As a hypothetical concept, a drone-based transit system has on-demand DUVs: Drone Utility Vehicles which accommodate up to six passengers. Elevated “Drone Connectors� at four locations along Sutherland provide a location for the drone passenger drop off and pick-up locations. Initially, these DUVs replace the localized bus system along Sutherland, connecting passengers the length of Sutherland and to nearby locations from the University of Tennessee to West Town Mall. While all students contributed innovative ideas, the final street design was developed by Evy Vandivort.

University of Tennessee Third Year Architecture, Davis

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SUTHERLAND 2050 STUDENT PROPOSALS ‘Four Connectors’ • Heritage • Transport • Recreation • Innovation

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OUR 2020 STUDENT CONTRIBUTORS:

TOP ROW LEFT TO RIGHT: Amber Adams, Marleen Davis, Evelyn Vandivort, Harry Tarter MIDDLE ROW LEFT TO RIGHT: Gianna Noel, Sarah Lloyd, Tate Hill, Patrick Dombroski BOTTOM ROW LEFT TO RIGHT: Jared Mullins, Jessica Peters, Corley Kotler, Shelbey Matthews

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Heritage Center Harry Tarter

Affordable Housing Gianna Noel

HERITAGE

Transport Evy Vandivort

Drone Port Patrick Dombroski

Housing Prefab Corley Kotler

Entrepreneur Center Jared Mullins

TRANSPORT

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SUTHERLAND

PROPOSED FOR 2050 EXISTING HEAVILY WOODED LAWN GREENWAY RAILROAD CIVIC LANDMARKS

“The most eclectic street in Knoxville”

HOUSING

Existing housing excluding apartment buildlings New hoousing unites

RECREATION Nature Center Tate Hill

Orthopedic Clinic Sarah Lloyd

Innovation

600’ 0 1200’ 300’ University of Tennessee College of Architecture and Design | Spring 2020

Athletic Center Shelby Mathews

Artists Maker Space Amber Adams

Workforce Training Jessica Peters

University of Tennessee Third Year Architecture, Davis

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HERITAGE HERITAGE CENTER BY HARRY TARTER

“Fostering Legacy and local businesses in changing cities” The Heritage Center brings together community and existing legacy businesses in a commercial relationship. It will be a center that responds to the legacy businesses, makes a cohesive impact on the local community, creates spaces that facilitate commercial interaction with businesses, and encourages customer involvement.

Floor 1

“on the most eclectic street in knoxville”

0’

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32’

University of Tennessee Architecture | Third Year Studio | Spring 2020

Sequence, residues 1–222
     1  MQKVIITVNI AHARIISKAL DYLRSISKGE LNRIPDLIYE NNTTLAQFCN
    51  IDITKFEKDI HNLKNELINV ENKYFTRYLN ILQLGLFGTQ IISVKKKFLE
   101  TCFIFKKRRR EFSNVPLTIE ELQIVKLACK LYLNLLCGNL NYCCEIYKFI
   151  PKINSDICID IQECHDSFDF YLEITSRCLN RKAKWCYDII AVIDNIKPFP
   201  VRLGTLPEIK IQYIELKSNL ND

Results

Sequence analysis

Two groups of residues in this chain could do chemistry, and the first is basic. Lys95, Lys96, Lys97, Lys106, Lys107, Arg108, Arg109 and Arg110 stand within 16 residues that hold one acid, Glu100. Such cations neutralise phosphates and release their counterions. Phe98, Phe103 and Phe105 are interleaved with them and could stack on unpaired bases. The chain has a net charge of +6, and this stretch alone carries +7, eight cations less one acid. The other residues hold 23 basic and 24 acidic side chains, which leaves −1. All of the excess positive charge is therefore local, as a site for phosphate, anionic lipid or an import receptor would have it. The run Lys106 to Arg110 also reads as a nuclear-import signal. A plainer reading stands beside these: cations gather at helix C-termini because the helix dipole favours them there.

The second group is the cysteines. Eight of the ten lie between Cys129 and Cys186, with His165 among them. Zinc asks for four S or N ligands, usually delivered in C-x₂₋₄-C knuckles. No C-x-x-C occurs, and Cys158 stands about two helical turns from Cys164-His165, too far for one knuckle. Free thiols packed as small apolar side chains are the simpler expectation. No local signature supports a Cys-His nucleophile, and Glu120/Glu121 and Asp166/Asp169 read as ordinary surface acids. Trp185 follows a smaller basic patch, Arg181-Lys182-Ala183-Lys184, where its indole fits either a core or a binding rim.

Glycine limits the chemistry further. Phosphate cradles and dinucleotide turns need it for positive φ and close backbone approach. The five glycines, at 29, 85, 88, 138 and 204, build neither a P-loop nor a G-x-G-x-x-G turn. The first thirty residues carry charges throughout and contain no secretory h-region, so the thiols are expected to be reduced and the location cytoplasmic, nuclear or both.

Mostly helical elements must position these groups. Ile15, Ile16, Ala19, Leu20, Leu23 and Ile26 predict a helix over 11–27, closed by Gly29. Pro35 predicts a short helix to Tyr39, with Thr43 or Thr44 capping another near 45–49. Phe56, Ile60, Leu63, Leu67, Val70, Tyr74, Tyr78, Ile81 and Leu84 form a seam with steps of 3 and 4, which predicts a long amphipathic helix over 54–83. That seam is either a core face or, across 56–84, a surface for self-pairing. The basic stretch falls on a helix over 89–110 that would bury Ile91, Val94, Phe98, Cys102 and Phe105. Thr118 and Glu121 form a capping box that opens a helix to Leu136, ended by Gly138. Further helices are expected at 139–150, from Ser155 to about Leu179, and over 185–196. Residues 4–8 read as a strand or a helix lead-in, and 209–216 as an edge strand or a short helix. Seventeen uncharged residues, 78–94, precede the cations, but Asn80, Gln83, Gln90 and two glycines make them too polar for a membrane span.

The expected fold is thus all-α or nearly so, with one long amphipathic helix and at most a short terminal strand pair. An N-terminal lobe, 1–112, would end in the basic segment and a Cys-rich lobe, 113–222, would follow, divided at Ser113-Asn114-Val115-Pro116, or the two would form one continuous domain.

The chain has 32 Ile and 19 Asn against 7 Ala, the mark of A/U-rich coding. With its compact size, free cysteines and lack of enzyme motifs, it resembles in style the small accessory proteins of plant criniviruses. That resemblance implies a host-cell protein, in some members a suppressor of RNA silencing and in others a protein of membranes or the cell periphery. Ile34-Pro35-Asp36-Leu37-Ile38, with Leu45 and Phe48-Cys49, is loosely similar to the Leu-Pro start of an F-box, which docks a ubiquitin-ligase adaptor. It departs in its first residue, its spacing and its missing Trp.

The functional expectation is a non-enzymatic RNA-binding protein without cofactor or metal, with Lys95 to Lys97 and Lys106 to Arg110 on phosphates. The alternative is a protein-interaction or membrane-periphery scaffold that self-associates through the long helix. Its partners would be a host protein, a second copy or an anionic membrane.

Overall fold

32 Sutherland Avenue Enhancement Plan

The Heritage “on the most eclectic street in knoxville”

0’

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University of Tennessee Architecture | Third Year Studio | Spring 2020


Roof Plan

“on the most eclectic street in knoxville”

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Unit design

University of Tennessee Architecture | Third Year Studio | Spring 2020

“on the most eclectic street in knoxville”

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University of Tennessee Architecture | Third Year Studio | Spring 2020

eLEVATION

“on the most eclectic street in knoxville”

University of Tennessee Third Year Architecture, Davis

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HERITAGE SUTHERLAND HERITAGE APARTMENTS BY GIANNA A. NOEL

Based on research, this design incorporates four basic principles for successful affordable housing: • Foster a sense of community • Understand, and improve, the site context • Maintain affordability with efficient design • Provide common amenities for the residents

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In addition to commercial uses at sidewalk level, a day care center and exterior play garden is shared with existing residential areas. The design includes communal basketball courts near UT’s intramural fields and West High School. Included in on each floor is a common space for residents.

34 Sutherland Avenue Enhancement Plan

PROPOSED FOR 2050 EXISTING

Ground Floor Scale: 1”-16’ 0

8 ’

16 ’

64 ’


University of Tennessee Third Year Architecture, Davis

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TRANSPORT SUTHERLAND EXCHANGE BY EVY VANDIVORT

PROPOSED 2050

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The Sutherland Exchange is a nexus with a car charge600’ 0 1200’ 300’ in pavilion and a compact garage, which will replace surface parking at West High School. Along Sutherland, young students and commuters will visit the Exchange, EXISTING and its roof garden, to play games, meet for clubs and activities. The Capsule Hotel is a minimum style living for either short or long term stays.

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CAR CHARGING

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University of Tennessee Third Year Architecture, Davis

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TRANSPORT DRONE POST

RESEARCH AND PROGRAM BY: PATRICK DOMBROWSKI This proposal for a Drone Post is a prototype for small scale deliveries for local businesses, combined with the a drone service center for the United States Postal Service. As the post office adopts new technologies, drone deliveries for small packages will be handled in these types of local Drone Post centers. In particular, this prototypical design is intended to support local legacy restaurants with convenient ways to expand their business model for takeout and delivery orders, with rapid, centralized drone capacities. Complementary mixed uses in the Sutherland Drone Post create a new synergy for local businesses, beyond pedestrian and vehicular patterns alone.

This large site combines innovative mixed uses in unexpected ways: • Legacy businesses, typically • restaurants, are located at the sidewalk level along Sutherland. These restaurant kitchens can quickly transport meals for drone delivery on the roof. • • Four floors of residential units, above the commercial uses of the building, typically along the southern and eastern edge. Market rate units, access to amenities, and affordable • developer incentives, intend to create diverse residential occupancy. • To the north of the site, service traffic (typically trucks) is guided to four different vertical loading docks, which connect truck deliveries from